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Martine Monacelli

central to the endorsement of woman’s right to equality. 45 Attachment to domesticated womanhood, a point on which W. J. Fox or W. B. Adams [II, 2], both fiercely anti-clerical, differed from mainstream Unitarians, did not preclude a concern for personal fulfilment. Women’s intellect and judgements were respected within their ranks. The (often) excellent liberal education they enjoyed 46 was the logical consequence of the Unitarians’ aspiration to a self-improving society, promoted by educationalists like John Aitkin, 47 John Morell ( Reasons for the Classical

in Male voices on women's rights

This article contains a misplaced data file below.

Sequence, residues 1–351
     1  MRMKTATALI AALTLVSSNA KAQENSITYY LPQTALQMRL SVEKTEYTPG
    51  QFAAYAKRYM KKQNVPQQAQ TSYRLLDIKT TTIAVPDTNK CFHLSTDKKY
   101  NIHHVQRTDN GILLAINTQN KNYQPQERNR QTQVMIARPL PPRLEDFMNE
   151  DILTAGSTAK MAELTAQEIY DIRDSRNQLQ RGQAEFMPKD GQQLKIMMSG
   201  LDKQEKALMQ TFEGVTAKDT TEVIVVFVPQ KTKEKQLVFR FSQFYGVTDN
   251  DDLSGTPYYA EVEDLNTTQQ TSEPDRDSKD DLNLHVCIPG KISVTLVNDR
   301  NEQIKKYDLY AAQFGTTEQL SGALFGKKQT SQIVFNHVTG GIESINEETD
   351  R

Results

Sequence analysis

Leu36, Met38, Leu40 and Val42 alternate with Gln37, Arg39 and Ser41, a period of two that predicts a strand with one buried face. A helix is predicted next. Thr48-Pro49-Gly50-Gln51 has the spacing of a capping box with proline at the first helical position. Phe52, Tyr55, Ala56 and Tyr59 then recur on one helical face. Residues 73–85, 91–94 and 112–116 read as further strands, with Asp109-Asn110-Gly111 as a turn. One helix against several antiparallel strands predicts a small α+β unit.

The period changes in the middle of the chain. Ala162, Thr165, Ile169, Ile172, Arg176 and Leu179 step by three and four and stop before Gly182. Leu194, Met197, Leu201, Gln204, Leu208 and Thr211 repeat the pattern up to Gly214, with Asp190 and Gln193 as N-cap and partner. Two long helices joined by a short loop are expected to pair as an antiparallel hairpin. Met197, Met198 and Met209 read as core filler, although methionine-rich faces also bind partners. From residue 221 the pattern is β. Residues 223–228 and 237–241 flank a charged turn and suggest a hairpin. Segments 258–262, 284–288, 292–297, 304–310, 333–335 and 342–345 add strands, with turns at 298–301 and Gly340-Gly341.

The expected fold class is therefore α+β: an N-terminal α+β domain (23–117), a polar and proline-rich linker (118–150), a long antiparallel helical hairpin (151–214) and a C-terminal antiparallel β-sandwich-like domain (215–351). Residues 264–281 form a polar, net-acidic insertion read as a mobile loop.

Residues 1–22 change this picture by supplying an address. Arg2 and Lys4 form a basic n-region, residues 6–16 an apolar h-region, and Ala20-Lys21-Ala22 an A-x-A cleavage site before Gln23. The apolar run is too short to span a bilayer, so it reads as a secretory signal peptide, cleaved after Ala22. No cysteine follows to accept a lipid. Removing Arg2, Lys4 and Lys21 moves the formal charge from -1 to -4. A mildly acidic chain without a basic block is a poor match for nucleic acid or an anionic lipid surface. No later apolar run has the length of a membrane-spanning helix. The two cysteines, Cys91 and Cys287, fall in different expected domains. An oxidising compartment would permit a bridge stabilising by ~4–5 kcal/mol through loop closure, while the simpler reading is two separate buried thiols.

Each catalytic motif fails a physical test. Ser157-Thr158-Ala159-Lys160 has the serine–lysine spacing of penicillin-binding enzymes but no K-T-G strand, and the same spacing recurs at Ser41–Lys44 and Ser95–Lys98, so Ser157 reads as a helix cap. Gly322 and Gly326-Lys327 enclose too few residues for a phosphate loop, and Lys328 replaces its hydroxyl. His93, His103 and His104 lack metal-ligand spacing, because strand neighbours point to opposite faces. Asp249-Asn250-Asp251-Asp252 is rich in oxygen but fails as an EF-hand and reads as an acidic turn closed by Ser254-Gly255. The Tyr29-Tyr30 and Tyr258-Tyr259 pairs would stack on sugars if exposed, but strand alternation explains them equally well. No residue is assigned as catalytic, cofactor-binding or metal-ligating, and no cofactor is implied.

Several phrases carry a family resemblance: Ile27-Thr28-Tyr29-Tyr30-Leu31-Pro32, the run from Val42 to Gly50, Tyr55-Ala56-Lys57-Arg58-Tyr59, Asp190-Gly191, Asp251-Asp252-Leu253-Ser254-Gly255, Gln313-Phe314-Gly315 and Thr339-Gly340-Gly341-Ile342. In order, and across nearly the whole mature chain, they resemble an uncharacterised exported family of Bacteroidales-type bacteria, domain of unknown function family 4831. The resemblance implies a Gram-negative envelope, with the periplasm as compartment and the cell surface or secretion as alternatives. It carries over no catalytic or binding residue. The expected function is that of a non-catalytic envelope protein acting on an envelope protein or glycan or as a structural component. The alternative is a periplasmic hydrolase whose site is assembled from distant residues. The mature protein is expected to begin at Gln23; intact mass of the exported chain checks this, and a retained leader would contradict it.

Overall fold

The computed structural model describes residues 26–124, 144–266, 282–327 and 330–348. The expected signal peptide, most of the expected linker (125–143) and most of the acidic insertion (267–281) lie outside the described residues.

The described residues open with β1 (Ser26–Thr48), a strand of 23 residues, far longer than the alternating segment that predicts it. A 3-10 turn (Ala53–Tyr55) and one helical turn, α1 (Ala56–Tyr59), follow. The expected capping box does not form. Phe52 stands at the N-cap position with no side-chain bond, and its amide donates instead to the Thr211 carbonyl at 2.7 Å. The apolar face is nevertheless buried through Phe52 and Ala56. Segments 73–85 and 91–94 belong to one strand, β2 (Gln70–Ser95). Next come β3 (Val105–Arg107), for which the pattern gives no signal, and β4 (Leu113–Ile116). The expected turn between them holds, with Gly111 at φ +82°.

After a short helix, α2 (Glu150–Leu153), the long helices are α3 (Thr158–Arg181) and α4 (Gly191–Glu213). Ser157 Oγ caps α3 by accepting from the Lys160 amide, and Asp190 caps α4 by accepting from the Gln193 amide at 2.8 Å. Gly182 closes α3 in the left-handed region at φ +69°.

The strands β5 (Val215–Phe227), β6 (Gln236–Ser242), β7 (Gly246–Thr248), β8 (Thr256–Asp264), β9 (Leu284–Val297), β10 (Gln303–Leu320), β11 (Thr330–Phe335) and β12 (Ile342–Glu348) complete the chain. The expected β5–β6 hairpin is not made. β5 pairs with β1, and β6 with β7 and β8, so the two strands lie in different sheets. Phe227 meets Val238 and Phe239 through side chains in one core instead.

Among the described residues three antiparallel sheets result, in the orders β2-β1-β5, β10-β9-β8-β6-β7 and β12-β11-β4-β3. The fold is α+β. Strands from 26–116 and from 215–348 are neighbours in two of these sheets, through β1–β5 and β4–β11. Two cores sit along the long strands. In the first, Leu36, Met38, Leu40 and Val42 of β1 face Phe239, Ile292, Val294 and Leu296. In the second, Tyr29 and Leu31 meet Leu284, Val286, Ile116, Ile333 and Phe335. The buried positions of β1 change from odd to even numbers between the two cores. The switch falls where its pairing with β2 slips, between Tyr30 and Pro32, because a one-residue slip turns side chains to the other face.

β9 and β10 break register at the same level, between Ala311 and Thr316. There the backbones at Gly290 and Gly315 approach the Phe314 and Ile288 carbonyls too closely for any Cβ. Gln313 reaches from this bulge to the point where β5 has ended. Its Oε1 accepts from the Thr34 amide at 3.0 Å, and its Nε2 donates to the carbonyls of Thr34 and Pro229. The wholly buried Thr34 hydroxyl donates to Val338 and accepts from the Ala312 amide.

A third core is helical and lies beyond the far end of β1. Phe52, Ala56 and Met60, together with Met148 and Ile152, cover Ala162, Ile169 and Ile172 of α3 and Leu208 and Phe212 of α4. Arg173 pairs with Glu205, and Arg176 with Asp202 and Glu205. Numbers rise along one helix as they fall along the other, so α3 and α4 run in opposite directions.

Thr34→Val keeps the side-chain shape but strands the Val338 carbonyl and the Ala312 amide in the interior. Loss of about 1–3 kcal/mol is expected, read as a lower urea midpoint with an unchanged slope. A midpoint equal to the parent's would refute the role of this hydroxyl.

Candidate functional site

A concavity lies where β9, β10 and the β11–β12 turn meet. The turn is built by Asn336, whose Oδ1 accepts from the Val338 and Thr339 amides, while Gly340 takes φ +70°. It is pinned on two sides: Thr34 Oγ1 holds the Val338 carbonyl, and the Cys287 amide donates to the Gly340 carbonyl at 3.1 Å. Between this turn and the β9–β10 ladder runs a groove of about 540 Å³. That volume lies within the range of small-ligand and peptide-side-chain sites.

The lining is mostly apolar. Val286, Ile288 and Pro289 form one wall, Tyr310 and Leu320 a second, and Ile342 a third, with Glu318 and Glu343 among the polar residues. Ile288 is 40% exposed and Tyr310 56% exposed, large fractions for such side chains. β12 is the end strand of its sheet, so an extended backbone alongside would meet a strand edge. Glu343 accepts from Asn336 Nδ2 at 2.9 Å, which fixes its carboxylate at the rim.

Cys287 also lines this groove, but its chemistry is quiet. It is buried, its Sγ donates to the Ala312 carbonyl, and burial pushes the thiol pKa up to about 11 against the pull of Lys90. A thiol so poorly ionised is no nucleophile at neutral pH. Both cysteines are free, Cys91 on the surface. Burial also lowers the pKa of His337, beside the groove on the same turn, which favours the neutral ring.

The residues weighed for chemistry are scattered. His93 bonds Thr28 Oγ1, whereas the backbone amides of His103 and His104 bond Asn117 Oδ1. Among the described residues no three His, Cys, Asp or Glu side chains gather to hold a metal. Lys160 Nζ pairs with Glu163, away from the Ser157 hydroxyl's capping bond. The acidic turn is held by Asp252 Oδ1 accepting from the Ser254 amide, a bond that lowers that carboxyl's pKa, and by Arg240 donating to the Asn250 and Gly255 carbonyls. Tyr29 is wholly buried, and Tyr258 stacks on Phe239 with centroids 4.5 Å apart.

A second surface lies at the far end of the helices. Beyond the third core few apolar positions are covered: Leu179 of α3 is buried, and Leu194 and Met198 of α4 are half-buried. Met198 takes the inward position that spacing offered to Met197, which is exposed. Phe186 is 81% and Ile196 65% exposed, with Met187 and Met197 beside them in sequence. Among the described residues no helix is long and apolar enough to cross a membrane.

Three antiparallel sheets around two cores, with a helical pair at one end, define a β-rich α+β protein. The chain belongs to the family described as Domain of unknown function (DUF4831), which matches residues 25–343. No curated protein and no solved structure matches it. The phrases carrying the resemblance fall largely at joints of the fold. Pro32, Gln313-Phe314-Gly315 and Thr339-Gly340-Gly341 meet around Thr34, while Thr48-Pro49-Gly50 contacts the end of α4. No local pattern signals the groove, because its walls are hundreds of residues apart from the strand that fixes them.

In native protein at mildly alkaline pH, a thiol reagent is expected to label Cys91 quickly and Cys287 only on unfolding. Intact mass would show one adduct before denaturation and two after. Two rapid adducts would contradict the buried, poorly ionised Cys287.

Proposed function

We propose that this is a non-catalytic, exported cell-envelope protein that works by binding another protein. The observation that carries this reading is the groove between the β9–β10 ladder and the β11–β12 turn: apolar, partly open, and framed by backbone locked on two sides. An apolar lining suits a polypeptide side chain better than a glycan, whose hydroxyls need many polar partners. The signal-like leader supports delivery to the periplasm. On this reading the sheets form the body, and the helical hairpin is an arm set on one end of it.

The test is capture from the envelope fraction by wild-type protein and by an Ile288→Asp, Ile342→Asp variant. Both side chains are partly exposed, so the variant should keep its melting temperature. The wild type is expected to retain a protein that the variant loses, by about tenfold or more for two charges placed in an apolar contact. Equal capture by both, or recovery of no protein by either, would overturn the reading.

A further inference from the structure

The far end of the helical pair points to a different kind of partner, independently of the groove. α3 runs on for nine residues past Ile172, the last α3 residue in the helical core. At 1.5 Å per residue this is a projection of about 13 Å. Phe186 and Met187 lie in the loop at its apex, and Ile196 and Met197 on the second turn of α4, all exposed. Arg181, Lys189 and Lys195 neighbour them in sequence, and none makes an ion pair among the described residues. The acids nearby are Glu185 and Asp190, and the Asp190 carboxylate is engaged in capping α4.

Martine Monacelli

an inspiring persona in the reform of university education, which he viewed as the key to social progress (‘Liberal Education in Universities’, Lectures and Essays , 1870), and from the 1860s promoted women’s access to Cambridge. He taught at Maurice’s Working Men’s College, associated with Emily Davies’s campaigns (he was a close friend of her brother, John Llewelyn Davies [II, 7]), supported Ann Clough’s North of England Council, lectured girls at Hitchin Girls’ School (1873–1881), and involved himself in the creation of Newnham College in 1875, with Henry

in Male voices on women's rights
Rob Boddice

humility’, History of Emotions – Insights into Research , January 2014, , accessed 21 November 2016. 14 T. van Rahden, ‘Clumsy democrats: Moral passions in the Federal Republic’, German History , 29 (2011): 485–504; N. Verheyen, Diskussionslust: Eine Kulturgeschichte des ‘besseren Arguments’ in Westdeutschland (Göttingen: Vandenhoeck & Ruprecht, 2010). 15 Pernau, ‘Space’: 546. 16 G. Lehman and M. Weinman, The Parthenon and Liberal Education

in The history of emotions